Prior to basic, boot camp or police academy, personnel line up to take their physical fitness tests (PFT).
I received a great email with several questions that many people ask as they are about to embark on a new fitness journey and career that requires a physical fitness test.
This former Marine writes:
"I go to the police academy in June and I am using the FBI SWAT Workout eBook found on the Military.com eBookstore. I used to be in great shape, I was a Marine for eight years and have been out for just over a year, battling illness that has put me out of shape. I was wondering if there is a particular time of day I should follow your workout guide (In the morning after waking up, or at night after work), how much sleep I should get, I mean after being in The Corps for such a long time I am used to being able to operate on little sleep, but do you recommend a certain number of sleep hours per night? And the final question is, how do you motivate yourself on those days when you just don't feel like working out? I want to make sure the Sheriff's Department gets a return on their investment in me, and I also don't want to embarrass myself, or The Corps by just being a mediocre performer at the academy."
With the positive attitude you have going into this new law enforcement career, I doubt you will embarrass yourself or The Corps. Ninety percent of performing at the top of your class is positive attitude and the remaining ten percent is preparing physically with the program you have.
Here is a plan of action before arriving at police academy:
1) Use FBI SWAT Workout
Continue using the FBI SWAT Workout eBooks since it will be very similar to the tasks and exercises you will have to perform at the police academy. This is a six-week course but it can be completed twice for a total of 12 weeks. The additional six weeks will enable you to thoroughly master the workouts, because they will be tough if you have not been able to exercise regularly in the past year.
2) Find Best Time to Workout
Find the time of day that works best for you to train. Many people in the military get accustomed to early morning workouts, but everyone is different. Some are better at early morning, while others like mid-day or evening to train. Statistics say that people are twice as likely to exercise IF they schedule it in the morning that later in the day. When starting out after several months of inactivity, it may be better to train in the morning with the running and other cardio and do the weights or PT in the afternoon.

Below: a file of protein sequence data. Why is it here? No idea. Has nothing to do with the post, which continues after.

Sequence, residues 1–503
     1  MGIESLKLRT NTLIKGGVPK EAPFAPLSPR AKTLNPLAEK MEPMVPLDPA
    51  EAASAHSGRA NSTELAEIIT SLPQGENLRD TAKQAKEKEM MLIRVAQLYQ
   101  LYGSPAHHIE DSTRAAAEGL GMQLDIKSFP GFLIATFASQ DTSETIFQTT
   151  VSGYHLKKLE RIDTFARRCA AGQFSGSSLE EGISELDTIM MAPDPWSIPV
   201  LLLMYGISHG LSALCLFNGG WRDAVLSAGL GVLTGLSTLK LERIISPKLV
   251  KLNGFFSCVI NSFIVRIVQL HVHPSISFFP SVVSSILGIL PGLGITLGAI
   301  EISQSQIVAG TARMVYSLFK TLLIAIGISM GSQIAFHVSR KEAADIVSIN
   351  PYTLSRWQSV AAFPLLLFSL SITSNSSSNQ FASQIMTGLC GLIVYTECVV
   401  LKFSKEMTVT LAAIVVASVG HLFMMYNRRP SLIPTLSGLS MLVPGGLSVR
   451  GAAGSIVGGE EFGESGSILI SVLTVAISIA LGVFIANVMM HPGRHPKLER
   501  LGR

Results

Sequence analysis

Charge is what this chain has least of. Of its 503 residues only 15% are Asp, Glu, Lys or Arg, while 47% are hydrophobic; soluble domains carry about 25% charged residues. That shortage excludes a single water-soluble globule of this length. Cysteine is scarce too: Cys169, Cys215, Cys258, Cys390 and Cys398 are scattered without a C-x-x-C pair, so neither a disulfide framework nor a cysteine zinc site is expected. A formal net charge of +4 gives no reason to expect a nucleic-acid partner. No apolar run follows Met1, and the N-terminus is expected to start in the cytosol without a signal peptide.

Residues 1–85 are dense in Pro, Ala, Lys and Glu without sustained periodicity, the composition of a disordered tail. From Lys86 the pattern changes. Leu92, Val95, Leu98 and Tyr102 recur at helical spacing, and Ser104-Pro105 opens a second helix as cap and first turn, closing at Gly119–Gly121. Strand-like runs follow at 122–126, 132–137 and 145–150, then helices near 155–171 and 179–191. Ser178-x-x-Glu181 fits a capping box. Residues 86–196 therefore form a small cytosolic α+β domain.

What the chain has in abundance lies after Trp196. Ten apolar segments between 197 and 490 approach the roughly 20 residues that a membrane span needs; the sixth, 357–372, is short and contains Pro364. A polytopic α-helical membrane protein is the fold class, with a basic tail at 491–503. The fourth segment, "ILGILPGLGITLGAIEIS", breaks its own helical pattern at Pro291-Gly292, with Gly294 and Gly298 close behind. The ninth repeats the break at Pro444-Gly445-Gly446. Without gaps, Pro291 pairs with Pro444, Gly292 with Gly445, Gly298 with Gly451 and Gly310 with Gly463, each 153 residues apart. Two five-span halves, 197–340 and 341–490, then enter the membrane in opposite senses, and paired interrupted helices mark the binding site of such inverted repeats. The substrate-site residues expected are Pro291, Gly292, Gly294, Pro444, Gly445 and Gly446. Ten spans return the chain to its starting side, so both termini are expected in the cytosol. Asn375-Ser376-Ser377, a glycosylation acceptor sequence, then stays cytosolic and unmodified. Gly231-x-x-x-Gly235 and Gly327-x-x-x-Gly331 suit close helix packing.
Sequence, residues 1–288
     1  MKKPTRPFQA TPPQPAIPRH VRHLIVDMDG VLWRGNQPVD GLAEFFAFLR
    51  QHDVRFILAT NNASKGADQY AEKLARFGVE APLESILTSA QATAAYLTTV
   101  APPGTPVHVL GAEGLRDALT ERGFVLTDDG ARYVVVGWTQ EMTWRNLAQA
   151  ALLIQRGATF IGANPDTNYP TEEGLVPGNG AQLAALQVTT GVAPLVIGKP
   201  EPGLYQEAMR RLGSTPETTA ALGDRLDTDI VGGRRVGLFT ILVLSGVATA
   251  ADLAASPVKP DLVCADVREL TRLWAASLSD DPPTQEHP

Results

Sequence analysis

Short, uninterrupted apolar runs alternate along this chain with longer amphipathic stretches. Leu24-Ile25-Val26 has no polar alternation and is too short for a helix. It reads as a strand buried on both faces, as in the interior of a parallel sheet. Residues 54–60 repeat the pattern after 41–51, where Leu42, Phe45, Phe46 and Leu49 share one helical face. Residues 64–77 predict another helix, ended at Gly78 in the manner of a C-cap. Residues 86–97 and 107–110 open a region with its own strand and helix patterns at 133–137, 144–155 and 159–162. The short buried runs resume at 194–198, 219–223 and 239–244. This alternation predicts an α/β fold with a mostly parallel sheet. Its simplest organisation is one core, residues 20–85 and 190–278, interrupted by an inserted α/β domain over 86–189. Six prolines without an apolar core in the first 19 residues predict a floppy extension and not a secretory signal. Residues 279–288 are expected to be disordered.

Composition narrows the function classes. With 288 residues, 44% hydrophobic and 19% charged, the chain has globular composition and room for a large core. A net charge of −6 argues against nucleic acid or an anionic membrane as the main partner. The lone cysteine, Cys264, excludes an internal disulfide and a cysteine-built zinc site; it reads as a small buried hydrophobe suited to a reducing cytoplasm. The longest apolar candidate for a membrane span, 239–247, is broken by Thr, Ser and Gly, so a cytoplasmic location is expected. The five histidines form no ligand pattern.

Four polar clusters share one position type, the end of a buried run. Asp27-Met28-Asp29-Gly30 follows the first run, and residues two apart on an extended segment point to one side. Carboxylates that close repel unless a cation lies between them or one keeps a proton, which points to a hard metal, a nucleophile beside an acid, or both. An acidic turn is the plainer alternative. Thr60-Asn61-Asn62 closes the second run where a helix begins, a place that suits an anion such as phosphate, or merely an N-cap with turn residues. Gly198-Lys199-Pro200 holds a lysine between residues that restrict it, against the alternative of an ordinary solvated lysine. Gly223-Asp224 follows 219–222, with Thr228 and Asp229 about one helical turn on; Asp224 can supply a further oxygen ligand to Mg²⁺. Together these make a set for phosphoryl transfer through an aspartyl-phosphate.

3) Rest Days Should be Rest Days
Being young, the body requires minimal sleep to recover from long days of work or challenging workouts, but as we age, rest days should be REST days. On a REST day you should do nothing physical but stretch. Everyday of workouts will tire your body and require you to recover for at least 24-48 hours on the particular muscle groups you exercised. As far as sleep, try to get eight hours of sleep if you can. You will grow muscle better when you sleep a minimum of eight hours a night. See nutrition tips in the Military.com Article Archives to see pre and post workout meals that will also help with recovery and muscle regeneration.
4) Use "Warm up With Crunches" to Motivate
And finally, how do you motivate yourself when you just do not feel like exercising? If I had that answer, my name would be in lights world-wide. But I feel I have a solution that does not require you to stand, does not cost a dime, and only takes five minutes to change you from too tired to exercise to ready to go. It is called "warm up with crunches." See the Crunches link and do the following set of easy abdominal to get the internal juices flowing. This will wake you up / warm you up and prepare you for exercise. I like to wake up with:
- Regular Crunches - 25
- Reverse Crunches - 25
- Double Crunches - 25
- Left Crunches - 25
- Right Crunches - 25
- Stretch abs and lower back
See that was not too bad and just a "little bit harder than sleeping."
These tips will help you if you practice these methods during the weeks prior to your PFT. Good luck in your next PFT and your new law enforcement career!
Also read the following Military.com articles found in the Stew Smith article archive for more information:
Stew Smith is a former Navy SEAL and fitness author certified as a Strength and Conditioning Specialist (CSCS) with the National Strength and Conditioning Association. If you are interested in starting a workout program to create a healthy lifestyle - check out the Military.com Fitness eBook store and the Stew Smith article archive at Military.com. To contact Stew with your comments and questions, e-mail him at firstname.lastname@example.org.
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